Public school teachers at the primary level are typically responsible for a class of students for an academic year. At the secondary level teachers are typically responsible for multiple classes, and spend only a fraction of each school day with their students. In the course of managing a class, teachers must try to learn how to assess the various capabilities of students, to motivate students to want to learn, and to effectively deliver instruction to each student. No matter how talented an individual teacher is, she cannot possibly come close to understand her students in a way that is at all comparable to the ability of a parent to do so. Parents know their children’s unique personalities, and they know what motivates their children. They don’t pick their kids up at the age of 5, 8 or 12, and hand them off a year later.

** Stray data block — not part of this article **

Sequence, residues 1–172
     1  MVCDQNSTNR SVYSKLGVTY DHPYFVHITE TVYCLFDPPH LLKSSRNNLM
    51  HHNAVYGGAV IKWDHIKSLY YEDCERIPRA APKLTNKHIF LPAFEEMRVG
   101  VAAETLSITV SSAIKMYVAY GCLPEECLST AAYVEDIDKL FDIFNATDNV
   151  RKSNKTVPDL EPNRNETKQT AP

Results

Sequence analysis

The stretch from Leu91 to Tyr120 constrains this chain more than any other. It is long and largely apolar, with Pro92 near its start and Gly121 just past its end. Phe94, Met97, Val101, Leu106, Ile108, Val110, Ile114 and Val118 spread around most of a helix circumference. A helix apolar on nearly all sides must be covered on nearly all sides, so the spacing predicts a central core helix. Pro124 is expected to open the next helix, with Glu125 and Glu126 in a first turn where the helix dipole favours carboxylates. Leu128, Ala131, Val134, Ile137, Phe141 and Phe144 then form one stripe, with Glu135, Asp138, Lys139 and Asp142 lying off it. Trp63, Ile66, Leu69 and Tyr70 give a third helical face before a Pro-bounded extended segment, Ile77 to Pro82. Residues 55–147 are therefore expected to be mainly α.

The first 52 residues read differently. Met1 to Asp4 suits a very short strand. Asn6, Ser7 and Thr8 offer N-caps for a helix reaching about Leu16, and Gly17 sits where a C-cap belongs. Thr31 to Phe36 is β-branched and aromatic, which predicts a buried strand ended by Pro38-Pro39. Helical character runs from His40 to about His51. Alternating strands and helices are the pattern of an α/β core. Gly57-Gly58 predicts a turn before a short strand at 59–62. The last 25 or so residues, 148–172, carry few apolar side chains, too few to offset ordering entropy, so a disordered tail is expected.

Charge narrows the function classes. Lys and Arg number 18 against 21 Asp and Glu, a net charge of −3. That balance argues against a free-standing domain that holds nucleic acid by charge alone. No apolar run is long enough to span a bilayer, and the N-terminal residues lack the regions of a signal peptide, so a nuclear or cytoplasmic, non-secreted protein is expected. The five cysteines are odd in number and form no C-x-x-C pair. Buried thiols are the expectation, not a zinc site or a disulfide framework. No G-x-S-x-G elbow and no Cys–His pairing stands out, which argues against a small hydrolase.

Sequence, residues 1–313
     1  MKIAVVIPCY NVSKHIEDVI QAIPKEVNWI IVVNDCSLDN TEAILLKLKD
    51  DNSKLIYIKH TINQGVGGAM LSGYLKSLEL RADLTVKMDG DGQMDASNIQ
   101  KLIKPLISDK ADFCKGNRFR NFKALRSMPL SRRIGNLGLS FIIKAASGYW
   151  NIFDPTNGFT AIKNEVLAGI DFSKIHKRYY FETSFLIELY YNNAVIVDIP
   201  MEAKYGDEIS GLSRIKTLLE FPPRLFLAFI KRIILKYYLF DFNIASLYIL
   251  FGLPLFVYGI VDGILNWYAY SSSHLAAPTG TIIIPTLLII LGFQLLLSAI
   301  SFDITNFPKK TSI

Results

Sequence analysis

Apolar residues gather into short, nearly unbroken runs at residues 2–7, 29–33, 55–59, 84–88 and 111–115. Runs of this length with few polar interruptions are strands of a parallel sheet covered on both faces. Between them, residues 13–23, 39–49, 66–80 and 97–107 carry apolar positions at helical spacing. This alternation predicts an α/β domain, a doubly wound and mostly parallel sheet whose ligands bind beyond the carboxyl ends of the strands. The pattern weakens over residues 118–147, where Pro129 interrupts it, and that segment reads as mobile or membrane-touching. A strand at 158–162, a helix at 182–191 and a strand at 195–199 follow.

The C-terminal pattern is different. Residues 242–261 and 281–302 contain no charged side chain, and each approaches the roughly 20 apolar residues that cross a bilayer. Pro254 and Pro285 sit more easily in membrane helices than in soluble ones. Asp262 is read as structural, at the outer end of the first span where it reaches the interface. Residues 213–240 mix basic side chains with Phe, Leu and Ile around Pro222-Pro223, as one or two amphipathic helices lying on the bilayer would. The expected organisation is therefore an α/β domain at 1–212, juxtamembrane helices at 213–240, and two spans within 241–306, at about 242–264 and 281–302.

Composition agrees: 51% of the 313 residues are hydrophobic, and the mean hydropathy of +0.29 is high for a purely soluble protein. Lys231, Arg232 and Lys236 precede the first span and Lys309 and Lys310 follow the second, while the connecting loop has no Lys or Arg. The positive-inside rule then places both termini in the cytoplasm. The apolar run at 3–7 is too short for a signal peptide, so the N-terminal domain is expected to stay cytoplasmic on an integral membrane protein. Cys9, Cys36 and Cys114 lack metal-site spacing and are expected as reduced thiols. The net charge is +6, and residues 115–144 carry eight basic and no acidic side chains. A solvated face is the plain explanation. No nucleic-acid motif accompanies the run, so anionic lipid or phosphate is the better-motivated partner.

Parents have watched their children develop from birth, and as such they can better understand their children than anyone else.
The third reason why homeschool parents teach their children better than public school teachers are able to is because they care more about their children than the teachers do.
While there are without question teachers who take their jobs very seriously, and sincerely care for their students, their love for 20 or 40 or 80 students cannot compare to the love a parent feels toward her children. Where a teacher may get frustrated and write a student off, a parent will continue to fight to ensure that their child masters a topic. Teachers are often willing to sacrifice a student as an example to be made in order to better control the rest of the students under his charge. Parents don’t typically sacrifice their children. While a teacher may look forward to handing the child off to another teacher at the end of the year, or escaping for the weekend, a parent is always working for the better interests of her child.
Even if all teachers were MIT physicists, and all homeschool parents were high school dropouts, the results would change little. Parents are better teachers because they put their children first.